Having just come out of my first complete Employee Share Purchase Plan (ESPP)1 “cycle,” I’m somewhat disappointed at how naive I was going in.2 I was so excitemented to buy into a very profitable, guaranteed investment, that I failed to analyze the steps in detail. Doing so would have helped me have more realistic expectations, as well as allowed me to maximize my profit. Hopefully this will help others in my position fifteen months ago make more informed investment decisions.3
At first glance, my company’s ESPP seemed almost too good to be true. The high-level process goes like this:
- Near the end of the preceding year, commit to participate and select an initial contribution amount ranging from 1%-25% of your income.
- Adjust your contribution level as desired throughout the year.
- Contributions cutoff when the total amount contributed reaches a set maximum (e.g., $6,827 in my case in 2008).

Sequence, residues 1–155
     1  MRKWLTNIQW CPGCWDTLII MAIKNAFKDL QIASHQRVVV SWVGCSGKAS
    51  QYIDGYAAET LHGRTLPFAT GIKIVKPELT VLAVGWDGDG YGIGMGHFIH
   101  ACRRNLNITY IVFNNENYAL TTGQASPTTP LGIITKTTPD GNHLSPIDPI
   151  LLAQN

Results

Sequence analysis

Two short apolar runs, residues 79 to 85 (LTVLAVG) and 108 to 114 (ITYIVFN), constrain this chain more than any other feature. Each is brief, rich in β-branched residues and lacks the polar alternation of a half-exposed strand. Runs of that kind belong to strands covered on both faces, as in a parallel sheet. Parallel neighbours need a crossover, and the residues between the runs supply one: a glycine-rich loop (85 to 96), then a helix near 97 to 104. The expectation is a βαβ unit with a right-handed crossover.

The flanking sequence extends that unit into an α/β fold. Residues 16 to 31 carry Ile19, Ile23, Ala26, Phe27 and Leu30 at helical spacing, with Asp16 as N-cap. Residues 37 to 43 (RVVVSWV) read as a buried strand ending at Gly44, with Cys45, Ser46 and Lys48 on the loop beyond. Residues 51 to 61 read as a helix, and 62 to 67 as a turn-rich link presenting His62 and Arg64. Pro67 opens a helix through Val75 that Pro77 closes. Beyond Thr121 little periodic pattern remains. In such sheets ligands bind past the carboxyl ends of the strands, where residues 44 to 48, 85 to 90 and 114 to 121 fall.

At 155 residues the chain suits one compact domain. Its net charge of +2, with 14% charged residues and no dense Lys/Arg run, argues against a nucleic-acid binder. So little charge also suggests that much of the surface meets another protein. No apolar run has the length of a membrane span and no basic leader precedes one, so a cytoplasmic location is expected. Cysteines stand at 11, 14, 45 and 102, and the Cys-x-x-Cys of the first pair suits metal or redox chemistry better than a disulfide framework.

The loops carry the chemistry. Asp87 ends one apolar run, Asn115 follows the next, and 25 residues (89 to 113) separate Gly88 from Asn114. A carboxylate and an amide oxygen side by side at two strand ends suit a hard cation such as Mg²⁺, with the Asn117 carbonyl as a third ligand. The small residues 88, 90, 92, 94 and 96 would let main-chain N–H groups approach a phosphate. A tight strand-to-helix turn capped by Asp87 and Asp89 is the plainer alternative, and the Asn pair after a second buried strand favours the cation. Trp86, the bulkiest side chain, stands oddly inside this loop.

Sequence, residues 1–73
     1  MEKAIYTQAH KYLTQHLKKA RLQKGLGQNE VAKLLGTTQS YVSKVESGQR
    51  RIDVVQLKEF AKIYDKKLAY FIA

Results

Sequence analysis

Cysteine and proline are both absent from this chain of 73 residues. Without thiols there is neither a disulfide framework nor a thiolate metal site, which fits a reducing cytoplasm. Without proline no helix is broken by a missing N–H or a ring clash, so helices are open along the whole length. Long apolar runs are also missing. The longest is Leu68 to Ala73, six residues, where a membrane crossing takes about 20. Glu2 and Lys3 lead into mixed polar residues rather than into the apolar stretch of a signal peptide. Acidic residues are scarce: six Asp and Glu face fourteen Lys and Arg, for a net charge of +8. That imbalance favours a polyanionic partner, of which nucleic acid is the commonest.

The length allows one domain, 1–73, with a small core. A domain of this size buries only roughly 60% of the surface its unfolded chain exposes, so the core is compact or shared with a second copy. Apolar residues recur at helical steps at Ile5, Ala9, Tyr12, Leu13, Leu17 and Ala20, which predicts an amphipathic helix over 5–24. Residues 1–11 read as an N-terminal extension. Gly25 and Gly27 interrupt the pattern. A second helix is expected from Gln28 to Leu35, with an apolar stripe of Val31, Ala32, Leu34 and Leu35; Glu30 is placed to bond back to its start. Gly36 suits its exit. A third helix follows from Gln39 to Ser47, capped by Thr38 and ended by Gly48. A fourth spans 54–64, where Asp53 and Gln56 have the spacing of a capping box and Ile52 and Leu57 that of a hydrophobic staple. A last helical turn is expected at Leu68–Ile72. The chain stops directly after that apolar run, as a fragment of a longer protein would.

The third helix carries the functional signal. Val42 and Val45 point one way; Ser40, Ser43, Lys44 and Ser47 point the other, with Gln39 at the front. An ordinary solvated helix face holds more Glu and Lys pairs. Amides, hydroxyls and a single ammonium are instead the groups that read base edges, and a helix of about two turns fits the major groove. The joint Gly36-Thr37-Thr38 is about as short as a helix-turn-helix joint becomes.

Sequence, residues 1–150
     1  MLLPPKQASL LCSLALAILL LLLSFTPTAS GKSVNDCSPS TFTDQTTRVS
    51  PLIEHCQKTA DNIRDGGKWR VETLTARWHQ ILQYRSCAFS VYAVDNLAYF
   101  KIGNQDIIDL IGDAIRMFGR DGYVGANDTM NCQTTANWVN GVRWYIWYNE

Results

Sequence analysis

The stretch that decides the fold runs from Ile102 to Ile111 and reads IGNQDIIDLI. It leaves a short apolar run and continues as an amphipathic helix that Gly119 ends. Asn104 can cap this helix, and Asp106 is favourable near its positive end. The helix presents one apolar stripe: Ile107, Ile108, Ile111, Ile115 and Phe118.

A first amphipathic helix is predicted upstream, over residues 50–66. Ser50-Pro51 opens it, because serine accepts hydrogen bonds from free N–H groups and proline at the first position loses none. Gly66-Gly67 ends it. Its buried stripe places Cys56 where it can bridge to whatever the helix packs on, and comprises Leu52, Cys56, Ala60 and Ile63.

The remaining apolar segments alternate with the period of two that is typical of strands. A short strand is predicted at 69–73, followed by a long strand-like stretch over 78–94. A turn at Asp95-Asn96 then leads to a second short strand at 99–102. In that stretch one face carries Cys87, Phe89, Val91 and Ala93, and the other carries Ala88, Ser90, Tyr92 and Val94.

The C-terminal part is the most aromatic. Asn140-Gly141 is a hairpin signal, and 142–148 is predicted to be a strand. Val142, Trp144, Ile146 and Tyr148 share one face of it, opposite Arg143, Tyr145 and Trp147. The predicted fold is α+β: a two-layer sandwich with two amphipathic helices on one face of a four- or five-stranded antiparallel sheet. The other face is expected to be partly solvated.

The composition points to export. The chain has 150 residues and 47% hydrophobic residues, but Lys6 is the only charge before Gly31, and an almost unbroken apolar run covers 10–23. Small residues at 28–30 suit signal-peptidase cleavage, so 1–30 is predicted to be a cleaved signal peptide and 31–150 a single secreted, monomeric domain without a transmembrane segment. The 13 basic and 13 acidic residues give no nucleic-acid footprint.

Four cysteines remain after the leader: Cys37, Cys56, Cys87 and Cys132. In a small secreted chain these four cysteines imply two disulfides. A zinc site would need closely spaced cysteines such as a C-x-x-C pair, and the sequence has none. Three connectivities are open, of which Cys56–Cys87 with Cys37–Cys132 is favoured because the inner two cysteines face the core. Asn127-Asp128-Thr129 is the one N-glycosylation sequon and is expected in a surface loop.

- The financial institution buys company stock with the contributed money at a 15% discount from the current share price or the share price at the beginning of the year, whichever is lower.
As far as I could tell, if I sold the stock right after it was purchase, I would walk away with at least a 15% return on my investment – greatly exceeding any guaranteed return investments (perhap all of the non-guaranteed ones, too). Sure, there could be some variation between the time the stock is purchased and the time my sale goes through, but it would likely be minor.
A good start
Everything proceeded according to plan through step 3. I enrolled, set my contribution level and adjusted it as needed – all through an easy online interface. I didn’t even have to worry about the maximum value, as my contributions were automatically suspended once I reached it.
The first wrinkle
Starting from the stock purchase, however, I began to notice wrinkles in the process – or in my understanding of the process, at least. A few days into the new year I went online to sell my stock and reap the 15% profit. Oddly, however, I saw there was still a good amount of money leftover in the ESPP fund (i.e., money that wasn’t used to buy stock). $2,377.20 – or almost 35% – to be exact.